Location- 15 km south of New Delhi.
Qutub Minar is not only an important tourist spot in New Delhi
rather it is an exquisite example of the Mughal Architecture. What
the Leaning Tower is to Pisa or the Eiffel Tower to Paris, is the
Qutub Minar to New Delhi - its landmark. Qutub Minar is the highest
stone tower in India as well as one of the finest Islamic structures
ever raised. The famous monuments around the Qutub area form the
Qutub Complex which can be visited by the tourists.
A window to the brief history of the monument
In 1199 AD, Qutub-ud-Din Aibak laid the foundation of Qutub Minar
for the use of Mu'azzin (crier) to give calls for prayer. However,
only the first story was completed by Qutub-ud-din. The other
stories were built by his successor and son-in-law, Shams -Ud -Din
IItutmish (1211-36 AD). The two circular stories in white marble
were built by Ferozshah Tughlaq in 1368, replacing the original
fourth storey. This towering structure in red sandstone has a
diameter of 14.32m at the base and about 2.75m on the top with a
height of 72.5m.
About the grand architecture
All the storeys are surrounded by a projected balcony encircling
the Minar and are supported by exquisite stalactite designs. The
tapering tower has pointed and circular flutings on the first story
round and star-shaped on the second and third stories. The bands of
calligraphic inscriptions are amazing in perfection. Numerous
inscriptions in Arabic and Nagari characters in different places of
the Minar reveal the history of Qutub.
Other monuments located in close proximity to the Qutub Minar
Quwwat-ul-Islam Mosque, to the northeast of Minar is first
mosque to be built in India and one of the most spectacular in the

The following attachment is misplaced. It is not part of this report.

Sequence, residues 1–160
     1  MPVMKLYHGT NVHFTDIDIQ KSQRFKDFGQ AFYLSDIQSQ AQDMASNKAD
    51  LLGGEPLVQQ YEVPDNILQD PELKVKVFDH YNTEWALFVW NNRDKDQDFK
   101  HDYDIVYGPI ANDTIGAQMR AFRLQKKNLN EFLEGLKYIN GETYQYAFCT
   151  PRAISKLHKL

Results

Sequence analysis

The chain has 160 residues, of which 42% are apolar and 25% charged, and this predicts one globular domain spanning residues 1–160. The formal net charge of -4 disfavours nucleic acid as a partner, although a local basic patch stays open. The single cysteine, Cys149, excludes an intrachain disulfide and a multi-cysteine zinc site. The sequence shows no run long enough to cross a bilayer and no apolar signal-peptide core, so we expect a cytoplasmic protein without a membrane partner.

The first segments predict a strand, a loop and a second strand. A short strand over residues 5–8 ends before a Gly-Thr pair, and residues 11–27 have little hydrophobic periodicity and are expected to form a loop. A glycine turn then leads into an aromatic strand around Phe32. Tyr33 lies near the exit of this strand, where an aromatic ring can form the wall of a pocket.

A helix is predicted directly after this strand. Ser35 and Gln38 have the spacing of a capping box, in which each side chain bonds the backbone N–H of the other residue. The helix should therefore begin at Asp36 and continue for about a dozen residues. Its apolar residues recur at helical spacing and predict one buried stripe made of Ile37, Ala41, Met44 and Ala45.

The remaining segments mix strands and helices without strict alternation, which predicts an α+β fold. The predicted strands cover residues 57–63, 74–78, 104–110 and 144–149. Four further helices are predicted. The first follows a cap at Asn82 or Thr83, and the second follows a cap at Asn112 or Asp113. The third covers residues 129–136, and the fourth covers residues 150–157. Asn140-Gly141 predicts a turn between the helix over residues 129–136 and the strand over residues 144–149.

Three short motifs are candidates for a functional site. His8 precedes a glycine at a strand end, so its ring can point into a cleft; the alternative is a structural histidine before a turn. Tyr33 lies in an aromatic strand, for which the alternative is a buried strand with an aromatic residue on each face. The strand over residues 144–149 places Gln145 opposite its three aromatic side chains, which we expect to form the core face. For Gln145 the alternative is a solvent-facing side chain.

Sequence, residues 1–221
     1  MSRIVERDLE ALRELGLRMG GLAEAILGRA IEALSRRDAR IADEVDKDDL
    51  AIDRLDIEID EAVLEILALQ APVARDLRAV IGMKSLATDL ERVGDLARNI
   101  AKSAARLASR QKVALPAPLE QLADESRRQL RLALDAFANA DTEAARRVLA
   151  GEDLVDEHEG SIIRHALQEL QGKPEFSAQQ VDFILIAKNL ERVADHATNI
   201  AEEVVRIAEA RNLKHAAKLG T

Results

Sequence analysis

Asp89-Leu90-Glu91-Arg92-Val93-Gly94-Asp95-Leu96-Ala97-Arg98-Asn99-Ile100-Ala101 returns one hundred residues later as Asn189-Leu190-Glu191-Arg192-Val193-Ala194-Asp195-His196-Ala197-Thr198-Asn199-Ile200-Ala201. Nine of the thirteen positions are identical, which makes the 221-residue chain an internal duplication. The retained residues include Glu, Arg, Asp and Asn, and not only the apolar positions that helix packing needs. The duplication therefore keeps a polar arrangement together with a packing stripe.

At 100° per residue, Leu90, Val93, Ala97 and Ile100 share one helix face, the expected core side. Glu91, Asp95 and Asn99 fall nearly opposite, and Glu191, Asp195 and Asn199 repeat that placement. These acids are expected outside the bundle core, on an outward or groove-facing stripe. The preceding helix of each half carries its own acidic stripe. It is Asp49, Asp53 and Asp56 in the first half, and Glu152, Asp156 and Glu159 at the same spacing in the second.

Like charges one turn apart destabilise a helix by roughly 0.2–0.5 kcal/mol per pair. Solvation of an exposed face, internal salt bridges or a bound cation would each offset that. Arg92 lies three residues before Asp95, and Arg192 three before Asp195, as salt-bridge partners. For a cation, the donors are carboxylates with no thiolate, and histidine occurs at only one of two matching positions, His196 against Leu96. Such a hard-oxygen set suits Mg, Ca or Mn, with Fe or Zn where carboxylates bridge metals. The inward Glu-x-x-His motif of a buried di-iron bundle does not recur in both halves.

world. Its construction was started by Qutub-ud-din Aibak in 1193 AD
and the mosque was completed in 1197 AD. Additions were made to the
building by Iltutmush in 1230 AD and Alla-ud-din Khilji in 1315 AD.
It consists of a rectangular courtyard enclosed by cloisters,
erected with the carved columns and architectural members of 27
Hindu and Jain temples, which were demolished by Qutub-ud-Din Aibak
as recorded in his inscription on the main eastern entrance.
Close to the mosque is one of Delhi's most curious antiques, the
Iron Pillar. The pillar, with its distinctly inscription in
Sanskrit in Brahmin script of 4th century AD, is said to have been
transported here, but its origins remain a mystery. Another
mystifying factor is that despite being exposed to the elements, the
pillar has remained rust-free. According to popular belief, anyone
who stands with his back to the pillar and encircles it with his
arms will have his wish granted. One can see visitors to the Qutab
Minar trying their luck at the pillar.
To the west of the Quuwat-ul-Islam mosque is another remarkable
building - The Tomb of Iitutmish. The tomb was built by the
monarch himself in 1235 AD. It is a plain square chamber of red
sandstone, profusely carved with inscriptions, geometrical and
arabesque patterns in Saracenic tradition on the entrances and the
whole of interior. Some of the motifs viz., the wheel, tassel, etc.,
are reminiscent of Hindu designs.
Later monuments in this complex include the Alai Darwaza and
the Ala'i Minar, built by Ala-ud-din Khilji (1296-1316 AD). The
Alai Darwaza is a magnificent gateway with inlaid marble decorations
and latticed stone screens that display the remarkable artistry of
the Turkish artisans who worked on it. The Ala'i Minar was conceived
of as a greater tower than the Qutab Minar, but its construction was
abandoned after the completion of the 25 m high first story.
The other remains in the Qutub complex comprise Madrasa, graves,
tombs and mosque.